Want to read Slashdot from your mobile device? Point it at m.slashdot.org and keep reading!


Forgot your password?

Comment Re:Isn't it a bit hot there? (Score 1) 153

It isn't the heat, it is the cost of electricity. I've heard that NetApp moved its server farm from Sunnydale to RTP, NC because the cost of electricity was lower. That savings of millions per year justified a huge long term shift. And that was RTP rates, I could easily believe that the mountains have cheaper still rates.

- doug

Comment Re:Finally... (Score 1) 167

Actually, there was talk of that back in the 1970s. I don't remember if there was any serious science behind it or not. It could have just been a general cultural concern because of all of the fears of a Nuclear Winter.

- doug

Comment you obvously don't work in an established company (Score 3, Interesting) 220

Most of my career has been in telecom/datacom companies, and perl is the preferred language for testing and infrastructure. The last stint I did at a true startup ended in 2003 (I got the hell out) and they used tcl for testing. Since then I've only seen perl. Perl certainly is less popular in CGI and LAMP than it used to be, but that is the only major pull back I've noticed. But it isn't new and sexy, which is fine by me, and that is what many people seem to notice.

That said, I'm not sure if/when I'll adopt perl6. I like much of what I've seen, but I've got an install base to worry about. I either need a killer reason to switch, or a lot of dead time in my schedule. I jumped on perl4 -> perl5 back in the winter of 94/95, but that was such a huge step forward that it could not be ignored.

- doug

Comment Re:GPL Violation? (Score 0) 504

Under the GPL, if it has been distributed internally, then only those local users have the right to demand the source. The fact that one set of users has access to the product (and also the source) in no way affects any users not in that set. There is nothing in the GPL that says you have to make the product available to the whole world. It just says that if you do make it available, then the source has to be made available too.

I have no idea if "making available" is to the individual or to the company for whom that individual works. But I'm not sure it matters. If they are using it as part of their job, then just put your foot down and say that they are not allowed to touch the source on company time. Since it was never distributed to them as individuals outside of work, just as employees, then I think you're safe.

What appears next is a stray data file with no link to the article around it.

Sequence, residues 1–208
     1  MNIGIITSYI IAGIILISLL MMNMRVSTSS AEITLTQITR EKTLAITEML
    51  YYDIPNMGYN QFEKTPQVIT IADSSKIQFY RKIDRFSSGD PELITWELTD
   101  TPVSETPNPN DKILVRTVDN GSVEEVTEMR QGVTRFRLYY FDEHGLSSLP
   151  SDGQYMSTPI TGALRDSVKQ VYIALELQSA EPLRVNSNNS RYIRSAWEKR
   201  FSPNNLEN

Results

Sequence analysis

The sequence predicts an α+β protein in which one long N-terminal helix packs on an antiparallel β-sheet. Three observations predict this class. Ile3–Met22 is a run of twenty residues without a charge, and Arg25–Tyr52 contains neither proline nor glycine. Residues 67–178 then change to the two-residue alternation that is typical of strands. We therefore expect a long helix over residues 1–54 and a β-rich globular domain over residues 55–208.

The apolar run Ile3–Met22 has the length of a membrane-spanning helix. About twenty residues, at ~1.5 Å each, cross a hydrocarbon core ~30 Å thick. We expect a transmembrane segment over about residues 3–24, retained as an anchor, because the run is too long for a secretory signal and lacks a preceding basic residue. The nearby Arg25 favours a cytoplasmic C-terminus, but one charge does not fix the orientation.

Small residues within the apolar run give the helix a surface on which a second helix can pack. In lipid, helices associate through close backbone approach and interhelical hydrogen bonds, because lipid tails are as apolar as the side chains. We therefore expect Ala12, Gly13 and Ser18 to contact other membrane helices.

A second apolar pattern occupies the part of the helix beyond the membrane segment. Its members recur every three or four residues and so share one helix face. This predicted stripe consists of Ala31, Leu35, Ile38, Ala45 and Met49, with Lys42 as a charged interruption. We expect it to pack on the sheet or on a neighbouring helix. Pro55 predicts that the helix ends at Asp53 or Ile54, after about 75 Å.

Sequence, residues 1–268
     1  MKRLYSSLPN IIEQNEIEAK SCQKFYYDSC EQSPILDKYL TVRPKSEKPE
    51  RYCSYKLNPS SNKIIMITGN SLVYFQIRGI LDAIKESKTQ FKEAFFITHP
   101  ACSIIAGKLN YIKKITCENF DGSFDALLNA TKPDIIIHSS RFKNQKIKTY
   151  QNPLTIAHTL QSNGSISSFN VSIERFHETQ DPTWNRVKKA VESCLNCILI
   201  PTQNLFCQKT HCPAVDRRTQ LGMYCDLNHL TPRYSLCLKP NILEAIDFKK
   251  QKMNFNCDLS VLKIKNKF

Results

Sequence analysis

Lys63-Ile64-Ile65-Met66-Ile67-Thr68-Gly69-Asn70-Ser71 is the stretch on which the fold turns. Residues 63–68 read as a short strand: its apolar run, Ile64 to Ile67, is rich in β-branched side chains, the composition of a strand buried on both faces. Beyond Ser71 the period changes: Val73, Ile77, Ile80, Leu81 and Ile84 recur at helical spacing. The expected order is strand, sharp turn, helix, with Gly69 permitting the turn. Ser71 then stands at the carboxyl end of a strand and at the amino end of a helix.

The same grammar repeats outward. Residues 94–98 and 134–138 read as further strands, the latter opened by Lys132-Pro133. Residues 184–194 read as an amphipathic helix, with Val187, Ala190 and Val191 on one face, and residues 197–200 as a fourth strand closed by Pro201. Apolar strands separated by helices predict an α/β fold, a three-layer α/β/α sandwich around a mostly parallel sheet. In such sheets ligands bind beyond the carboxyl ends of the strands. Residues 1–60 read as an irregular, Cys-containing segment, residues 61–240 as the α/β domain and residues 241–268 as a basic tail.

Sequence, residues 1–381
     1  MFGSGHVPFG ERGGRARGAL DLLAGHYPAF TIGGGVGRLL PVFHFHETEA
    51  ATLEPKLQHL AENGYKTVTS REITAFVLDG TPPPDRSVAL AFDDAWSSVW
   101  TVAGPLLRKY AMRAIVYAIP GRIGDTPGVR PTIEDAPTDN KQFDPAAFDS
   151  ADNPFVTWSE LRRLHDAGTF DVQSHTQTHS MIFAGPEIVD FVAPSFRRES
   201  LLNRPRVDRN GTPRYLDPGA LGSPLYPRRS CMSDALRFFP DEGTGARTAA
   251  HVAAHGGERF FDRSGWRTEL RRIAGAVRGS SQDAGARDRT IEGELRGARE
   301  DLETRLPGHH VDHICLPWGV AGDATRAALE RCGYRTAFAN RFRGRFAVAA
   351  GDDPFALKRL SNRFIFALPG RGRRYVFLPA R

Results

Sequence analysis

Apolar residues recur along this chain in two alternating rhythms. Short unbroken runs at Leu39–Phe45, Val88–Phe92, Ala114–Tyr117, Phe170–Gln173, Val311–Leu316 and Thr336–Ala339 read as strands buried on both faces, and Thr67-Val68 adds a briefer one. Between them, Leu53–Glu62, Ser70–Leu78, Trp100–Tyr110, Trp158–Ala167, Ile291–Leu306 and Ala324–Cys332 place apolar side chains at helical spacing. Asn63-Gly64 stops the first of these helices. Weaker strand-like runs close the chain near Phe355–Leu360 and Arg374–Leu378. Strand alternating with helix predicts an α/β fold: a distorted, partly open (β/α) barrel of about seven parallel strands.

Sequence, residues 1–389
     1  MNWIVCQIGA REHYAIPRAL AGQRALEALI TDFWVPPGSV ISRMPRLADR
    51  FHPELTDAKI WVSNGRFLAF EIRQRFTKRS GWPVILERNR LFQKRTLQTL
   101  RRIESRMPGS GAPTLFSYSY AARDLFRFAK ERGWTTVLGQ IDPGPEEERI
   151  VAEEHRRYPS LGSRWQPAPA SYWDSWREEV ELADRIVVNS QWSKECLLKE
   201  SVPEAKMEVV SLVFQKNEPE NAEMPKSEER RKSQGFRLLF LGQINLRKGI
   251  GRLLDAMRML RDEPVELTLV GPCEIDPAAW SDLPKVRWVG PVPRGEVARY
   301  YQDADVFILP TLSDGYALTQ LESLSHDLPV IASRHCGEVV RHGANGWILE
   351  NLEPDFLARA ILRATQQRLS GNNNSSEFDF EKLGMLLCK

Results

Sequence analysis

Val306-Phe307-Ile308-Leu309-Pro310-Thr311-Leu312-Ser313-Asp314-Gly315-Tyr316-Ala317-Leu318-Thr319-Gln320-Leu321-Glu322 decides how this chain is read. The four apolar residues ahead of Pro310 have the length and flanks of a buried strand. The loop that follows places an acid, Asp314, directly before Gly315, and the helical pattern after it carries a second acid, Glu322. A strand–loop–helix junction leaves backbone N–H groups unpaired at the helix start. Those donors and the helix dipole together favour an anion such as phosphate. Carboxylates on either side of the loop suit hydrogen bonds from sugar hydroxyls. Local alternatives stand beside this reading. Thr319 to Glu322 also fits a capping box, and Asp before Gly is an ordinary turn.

But this all begs the question: What are you trying to gain from this? Just grant them access and be done with it. Prohibit them from touching the source while on the clock, but let them do whatever they want outside of work. Who knows, one of them just might make the product better for everyone.

- doug

Comment Re:France: a nation of warriors. (Score 0, Redundant) 161

you are basically right that the French have fought for centuries, and they've done well in most of those wars. With Napoleon they took on the whole world and nearly won. But since 1870 France has pretty much lost every war it has been in. In WWI the French did do most of the fighting, but it wasn't until the Brittish and Americans showed up in numbers that they started winning. France was simply a battleground and a footnote in WWII: France was a Major Power in May 1940, and before the end of June it had surrendered. The wars in Indochine (Vietnam) and Algiera weren't been any better. After a 140 years without a major victory, France's reputation as a nation of warriors is tarnished, and so it will remain until France wins something on its own.

BTW: I said as much when I lived in France. Yes, I'm perfectly capable of being an ugly American when I feel like it. This point of view wasn't popular, but what could they say?

- doug

PS: The French did win a battle with Greenpeace in 1985, but I don't think that counts as winning a war.

Comment Re:America! (Score 2, Informative) 1671

Meh. It happens to every army. Didn't some German Peacekeepers in Afghanistan waste a truckload of local soldiers? It isn't good, but every soldier everywhere lives in a Kill or Be Killed situation. And nearly everyone decides to err on the side of self preservation. This is human nature, and as long as we have wars, we will have senseless killing of civilians.

- doug

Comment Re:From the No Duh Dept. (Score 1) 801

I agree. I used to live in Paris, and I can tell you that I've seen people going way too fast in very dense/congested places. There might be a slow down at first, and it might even be 10%. But once the drivers become accustomed to denser conditions, they'll speed right back up. This just increases the risk with little/no long term reduction in bad driving habits.

The only way this will actually make a long term dent would be via gridlock.

Comment Re:Unconstitutional Mandate (Score 1) 2044

If I understand things, VA just made that a violation of state law. It is now on the books there, so passing this law will give VA something to sue over. We all know that Federal law nearly always trumps state laws, but I think the Republican plan is to rush it to SCOTUS and let the 5-4 conservative majority declare it to be unconstitutional. After Obama's comment about the SCOTUS in his SotU, some of the Supremes might be looking forward to this case.

- doug

Comment Re:I hope it's rushed through (Score 1) 2044

Yeah, but they always do it by stretching the commerce clause. I hope that one day it snaps back. And with SCOTUS being 5-4 to the right, if someone can push a challenge up through the appeals process before a conservative dies/retires, then this is could be declared unconstitutional.

But I ain't holding my breath

- doug

Slashdot Top Deals

God made the integers; all else is the work of Man. -- Kronecker